4. “Helmets are required but not provided.”

    This is the part the most confuses me. How many people own a bike helmet but not a bike?

    1. Or better yet: who walks around with a bike helmet all day because there is some small chance they might use bike share?

      They’re saying what they have to say legally, with the tacit understanding that SPD (thankfully) isn’t expending resources enforcing bike helmet laws.

      1. who walks around with a bike helmet all day because there is some small chance they might use bike share?

        Well said. That really is the nature of this system — maybe there is a bike, maybe there isn’t. I can definitely see value in that. When I miss my bus, I start walking. If there happens to be a bike there, then great, I’ll take it. But there is no way I’m carrying around a helmet all day when I’m not sure if there will be a bike within a mile of where I am.

    2. I did like that Pronto provided free helmets. Personally, even if riding without a helmet were legal I wouldn’t want to do it. Riding around downtown with traffic and train tracks can be dangerous.

      They could just leave a helmet on the bike itself… you would need to worry about lice if it weren’t cleaned regularly though.

      1. Actually, that is a pretty good idea if they could figure out a nice liner for it. A bike helmet is heavy, and thus no one wants to carry it around. You do if you have to, but not if you can avoid it. But a nice liner could easily fit in a purse, backpack, or even a pocket, if the material was thin enough. Something like a surgical cap, perhaps. There seem to be some cool ones out there, too: https://surgicalcaps.com/collections/surgical-caps/products/surgical-caps-lighting-strike

      2. That’s what Vancouver does for its Mobi bike share system since BC has a mandatory helmet law. They provide disposable liners at stations and the helmet is stored on the bike.

      3. What you want is a basic cycling cap. I wear one under my helmet all the time. The cap is washable and keeps the helmet from getting sweaty, it provides a useful visor, it prevents the worst forms of “helmet head” (my hair still gets matted down, but at least it gets matted down evenly), and it’s small and flexible enough to stuff into a pocket when not in use. Cycling caps are also better for running than most running caps, because they’re actually designed to not catch the wind, whereas running caps are like baseball caps, you have to put ’em on super tight or they’ll blow away.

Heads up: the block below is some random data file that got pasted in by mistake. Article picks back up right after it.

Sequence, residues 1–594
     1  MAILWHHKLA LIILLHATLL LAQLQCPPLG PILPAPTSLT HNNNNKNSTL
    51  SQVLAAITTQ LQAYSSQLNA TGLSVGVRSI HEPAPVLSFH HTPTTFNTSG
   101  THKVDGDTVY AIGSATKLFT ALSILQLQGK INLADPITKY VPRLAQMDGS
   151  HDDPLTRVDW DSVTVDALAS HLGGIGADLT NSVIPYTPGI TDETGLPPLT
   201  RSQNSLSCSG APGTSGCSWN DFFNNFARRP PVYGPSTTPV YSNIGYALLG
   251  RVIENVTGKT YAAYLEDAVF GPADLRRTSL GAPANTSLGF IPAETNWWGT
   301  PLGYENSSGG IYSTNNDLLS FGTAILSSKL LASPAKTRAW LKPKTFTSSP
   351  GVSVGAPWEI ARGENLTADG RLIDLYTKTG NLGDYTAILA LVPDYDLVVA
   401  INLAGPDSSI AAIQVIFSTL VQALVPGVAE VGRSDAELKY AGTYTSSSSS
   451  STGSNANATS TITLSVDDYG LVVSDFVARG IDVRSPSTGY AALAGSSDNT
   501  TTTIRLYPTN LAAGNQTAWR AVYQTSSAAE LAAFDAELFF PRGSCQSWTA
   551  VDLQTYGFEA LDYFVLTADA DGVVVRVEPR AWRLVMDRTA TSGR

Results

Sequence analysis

The downside is that they tend to be subject to the markup that all “bikey” things are — so they’re unjustifiably expensive for their typically sloppy construction and cheap materials. Maybe prices would come down if they were more of a mass-market practical thing.

    3. “How many people own a bike helmet but not a bike?”

      None, but buying a helmet is not the main problem, you can invest in it for the next couple decades like you do with anything else. The problem is carrying it around everywhere. I did that when I owned a bike and parked it somewhere for a few hours, but I wouldn’t take it around if I weren’t sure I was going to bikeshare that day.

      1. Might change with bikeshare?

        20 years ago, who would have thought there were people who had drivers licenses and drove all the time, but didn’t own a car? (albeit a bit different)

      2. I like my head, and always ride with a helmet. I’m unlikely to carry it around with me just in case I wanted to bike share. If they’re not providing helmets, I’ll be significantly less likely to ever use it. I suppose we’re just supposed to be grateful that it’s not bring your own brakes as well.

    4. Actually, two of my helmets had a ventilation hole large enough for a U-lock, so i strung the helmet in the lock, along with a lightweight jacket sometimes, so i didn;t have to carry them. But when I carried it I closed the straps around one of the main straps on my backpack..

      1. Anyone have any recommendations for thin, light bike helmets that are easy to carry around in a bag all day?

  5. I saw one of the orange ride share bikes in lower Queen Anne this morning. That’s sooner than I expected!

  6. Its worth a try. Maybe cruise ships and hotels in Seattle can start keeping bike helmets that their guests can check out when they rent bikes.

  7. Welp, I tried to sign up for LimeBike, fat fingered some credit card info when entering so it didn’t authorize, there was no retry and no way to go through it again. I went to support thinking there may have been something I overlooked but no:

    “Thank you for contacting LimeBike customer support. I have looked over your account customers are not able to add or remove credit card information once the account has been created. You can create a new account with your information if you need to immediately. If you have any other questions or concerns, do not hesitate to reach out, we’re happy to help.”

    12 million in VC funding (announced in March) and they made an app where you can’t change or update your credit card information, and they don’t even have the customer support to facilitate it either (hope your card doesn’t get lost or stolen or expire). LimeBike is not ready for primetime, I guess they must have rushed out what they had because Spin was coming.

    Spin, meanwhile, has a functioning payment methods section AND bikes in my neighborhood which Pronto never reached before. (8 million in VC funding announced in May, for anyone curious.)